'The backbone': Duluth women share gifts, growth of motherhood
“As mothers, we get this message, or maybe we tell ourselves this, that we always have to be giving and giving and giving and putting other people before us. I have more to give when I’m giving to myself."
The News Tribune spoke with area mothers to garner their stories of hope and experience in and outside of a pandemic. Here's what they had to say.
Instead of perfection, Michelle Defoe strives for balance.
“Kind and loving, as well as being strong and structured — because children need that for safety,” said the Duluth mother of three.
And each of her kids has a different personality and needs.
Shannon O'Nedigon, 14, is artistic, generous, a little mischievous. Kyla Sutherland, 8, likes science experiments and is very social and empathetic. Nova Sutherland, 6, is sweet and playful. “I call her my wild child because she is always spinning and dancing,” O'Nedigon said.
Defoe sees herself in how her children speak. Looking at her middle child can feel “weird and eerie” because they look so much alike.
“It makes me love that little kid version of myself,” she said.
And self-love and self-care are some of motherhood’s gifts for Defoe.
When she was a new mom, she realized what you put in your body affects your baby, and that extends to the energy you bring home. So, Defoe aims to take care, and that starts with eating healthy food, going to bed at a decent hour, beadwork, painting, meditation, running.
There are times when she has mastered this, and “breaking points” when her parenting “fizzled out” because she wasn’t taking care.
“As mothers, we get this message, or maybe we tell ourselves this, that we always have to be giving and giving and giving and putting other people before us," she said. “I have more to give when I’m giving to myself.”
The pandemic has tested her ability to practice self-care with the children home 24/7. There are many nights where she has felt like it’s a lot to handle and she can’t do it.
Then, she wakes up, tries something different, and all is well.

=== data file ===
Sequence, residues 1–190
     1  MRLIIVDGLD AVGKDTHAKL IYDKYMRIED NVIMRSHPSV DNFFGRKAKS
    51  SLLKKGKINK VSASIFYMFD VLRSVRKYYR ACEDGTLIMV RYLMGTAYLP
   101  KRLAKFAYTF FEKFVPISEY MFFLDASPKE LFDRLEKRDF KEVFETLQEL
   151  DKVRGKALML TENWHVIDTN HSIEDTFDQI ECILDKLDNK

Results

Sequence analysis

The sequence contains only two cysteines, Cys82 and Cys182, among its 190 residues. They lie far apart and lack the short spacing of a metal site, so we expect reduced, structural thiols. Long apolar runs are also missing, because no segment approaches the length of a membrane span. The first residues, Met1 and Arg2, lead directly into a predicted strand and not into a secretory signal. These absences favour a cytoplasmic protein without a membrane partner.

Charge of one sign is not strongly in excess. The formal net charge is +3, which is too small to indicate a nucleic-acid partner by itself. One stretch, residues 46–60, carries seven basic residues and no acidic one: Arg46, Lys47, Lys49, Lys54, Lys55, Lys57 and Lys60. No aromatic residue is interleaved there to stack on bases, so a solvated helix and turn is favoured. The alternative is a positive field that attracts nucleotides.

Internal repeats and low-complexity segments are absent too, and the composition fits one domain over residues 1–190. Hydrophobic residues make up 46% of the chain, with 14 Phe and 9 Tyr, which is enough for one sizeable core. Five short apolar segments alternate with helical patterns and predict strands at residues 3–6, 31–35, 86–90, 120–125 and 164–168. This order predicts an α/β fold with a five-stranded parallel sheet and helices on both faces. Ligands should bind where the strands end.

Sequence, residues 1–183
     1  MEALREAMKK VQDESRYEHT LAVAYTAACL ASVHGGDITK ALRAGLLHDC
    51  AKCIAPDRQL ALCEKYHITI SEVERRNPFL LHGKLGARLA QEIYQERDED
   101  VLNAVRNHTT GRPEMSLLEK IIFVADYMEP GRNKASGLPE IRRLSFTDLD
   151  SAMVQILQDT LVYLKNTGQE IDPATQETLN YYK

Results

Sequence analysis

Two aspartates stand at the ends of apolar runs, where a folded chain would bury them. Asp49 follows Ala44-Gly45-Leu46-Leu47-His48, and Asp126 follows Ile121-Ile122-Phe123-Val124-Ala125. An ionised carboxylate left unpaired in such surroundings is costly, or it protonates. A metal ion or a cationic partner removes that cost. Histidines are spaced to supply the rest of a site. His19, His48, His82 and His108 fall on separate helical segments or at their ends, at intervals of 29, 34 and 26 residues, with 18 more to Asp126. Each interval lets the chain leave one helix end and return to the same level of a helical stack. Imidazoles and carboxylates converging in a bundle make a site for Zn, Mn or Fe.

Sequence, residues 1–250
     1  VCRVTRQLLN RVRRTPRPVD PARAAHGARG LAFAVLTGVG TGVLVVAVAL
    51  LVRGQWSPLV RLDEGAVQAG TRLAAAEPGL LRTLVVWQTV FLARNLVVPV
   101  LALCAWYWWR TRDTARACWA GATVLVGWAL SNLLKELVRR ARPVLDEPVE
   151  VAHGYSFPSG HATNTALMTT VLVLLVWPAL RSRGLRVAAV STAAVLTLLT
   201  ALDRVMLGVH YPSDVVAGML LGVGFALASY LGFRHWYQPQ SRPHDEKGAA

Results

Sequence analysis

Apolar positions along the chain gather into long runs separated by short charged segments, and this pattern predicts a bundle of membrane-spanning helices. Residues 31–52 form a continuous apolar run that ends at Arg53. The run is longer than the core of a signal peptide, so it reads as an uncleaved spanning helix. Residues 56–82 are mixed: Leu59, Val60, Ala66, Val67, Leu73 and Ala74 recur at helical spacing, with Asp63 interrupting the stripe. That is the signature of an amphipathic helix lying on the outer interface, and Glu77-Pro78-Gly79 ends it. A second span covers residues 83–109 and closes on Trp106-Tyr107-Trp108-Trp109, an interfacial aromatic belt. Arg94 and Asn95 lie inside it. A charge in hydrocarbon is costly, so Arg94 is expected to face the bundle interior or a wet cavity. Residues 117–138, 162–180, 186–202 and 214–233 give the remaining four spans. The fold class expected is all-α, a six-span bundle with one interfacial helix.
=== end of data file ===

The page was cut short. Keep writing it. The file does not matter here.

That growth and adaptation is another side effect of parenthood, said Defoe, who feels like she grew up with her children. You can’t always analyze yourself, but your kids will reflect traits that you’d like to change.
“A couple of times, my kids would be really helpless. ‘I can’t do that.’ I could see myself in that, and like, ‘I need to work on my helplessness,’” she said.
That’s one of the ways being a mom pushes her to be a better person, and it continually happens in the hardest moments — sleep deprivation and learning how to overcome internal roadblocks so you can be stronger for them.
“I struggle with ‘Am I giving enough to my children?’ It’s a thought that comes into my mind constantly,” she said.
She has worked through that by taking parenting classes, checking in with her children and focusing on her relationships with them vs. the do’s and don’ts.
Defoe said her biggest hope for them is that they grow up strong and independent, that they love themselves deeply and help their communities.
Mother’s Day is for slowing down and enjoying as a family, so today, they’re planning to cook nice meals and spend time outdoors.
Asked to describe motherhood in one word, Defoe shared: “Because we’re Ojibwe Anishinaabe, we believe mothers are the backbone of our families, our communities, so, when I think of mother, I think of the backbone.”
“At first, it was super fun staying home,” said Allie Frank of Cloquet. “At week three, we all hit a bump in the road.”
With Addison, 4; Lillian, 2; and Harper, 1: “Our house is never boring and never quiet,” she said.
Reflecting on being a first-time mom, Frank said it brought together a community of people she wouldn’t normally connect with, and it was sorely needed.
“At first, I didn’t want to have any babysitters. I wanted to change all the diapers and do all the things. Now, I’m like, ‘Whoever wants to do anything, you can take it.’”
She was 20 and her husband, T.J., was 22 when they had Addison. She was one of the first of her friends to have a child, and many didn’t know what to do when she had a breastfeeding question, Frank recalled.
Today, she’s part of a Facebook group, Cloquet Life with Littles , where there are listings for meal ideas, rummage sales and local events. Moms ask for advice and experience. Group members used to meet in person, but it worked better to shift to an online format where women could post at 3 a.m. if they had that question about nursing, Frank said.
Frank didn’t expect the passion that goes into being a mom. Children find your flaws, help you learn what you can do better, and they become your priority.
Harper, 1, goes with the flow. She’ll eat whatever is put in front of her. At 15 months, she’s starting to come into her own personality.